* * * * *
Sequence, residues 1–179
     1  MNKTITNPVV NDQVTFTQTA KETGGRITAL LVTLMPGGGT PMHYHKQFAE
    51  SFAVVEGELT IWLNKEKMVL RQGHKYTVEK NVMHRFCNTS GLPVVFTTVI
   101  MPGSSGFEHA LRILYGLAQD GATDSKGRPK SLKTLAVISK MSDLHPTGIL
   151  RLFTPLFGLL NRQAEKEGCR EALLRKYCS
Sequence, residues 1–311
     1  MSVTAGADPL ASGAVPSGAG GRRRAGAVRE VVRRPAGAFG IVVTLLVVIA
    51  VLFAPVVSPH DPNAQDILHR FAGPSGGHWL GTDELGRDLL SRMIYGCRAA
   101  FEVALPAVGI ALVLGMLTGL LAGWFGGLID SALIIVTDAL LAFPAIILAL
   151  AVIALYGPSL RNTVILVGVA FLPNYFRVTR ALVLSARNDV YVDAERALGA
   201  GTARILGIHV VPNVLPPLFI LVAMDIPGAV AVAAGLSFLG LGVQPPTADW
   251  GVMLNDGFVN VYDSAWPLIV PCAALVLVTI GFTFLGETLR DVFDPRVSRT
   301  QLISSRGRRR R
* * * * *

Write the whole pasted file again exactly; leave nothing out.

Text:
Sequence, residues 1–179
     1  MNKTITNPVV NDQVTFTQTA KETGGRITAL LVTLMPGGGT PMHYHKQFAE
    51  SFAVVEGELT IWLNKEKMVL RQGHKYTVEK NVMHRFCNTS GLPVVFTTVI
   101  MPGSSGFEHA LRILYGLAQD GATDSKGRPK SLKTLAVISK MSDLHPTGIL
   151  RLFTPLFGLL NRQAEKEGCR EALLRKYCS
Sequence, residues 1–311
     1  MSVTAGADPL ASGAVPSGAG GRRRAGAVRE VVRRPAGAFG IVVTLLVVIA
    51  VLFAPVVSPH DPNAQDILHR FAGPSGGHWL GTDELGRDLL SRMIYGCRAA
   101  FEVALPAVGI ALVLGMLTGL LAGWFGGLID SALIIVTDAL LAFPAIILAL
   151  AVIALYGPSL RNTVILVGVA FLPNYFRVTR ALVLSARNDV YVDAERALGA
   201  GTARILGIHV VPNVLPPLFI LVAMDIPGAV AVAAGLSFLG LGVQPPTADW
   251  GVMLNDGFVN VYDSAWPLIV PCAALVLVTI GFTFLGETLR DVFDPRVSRT
   301  QLISSRGRRR R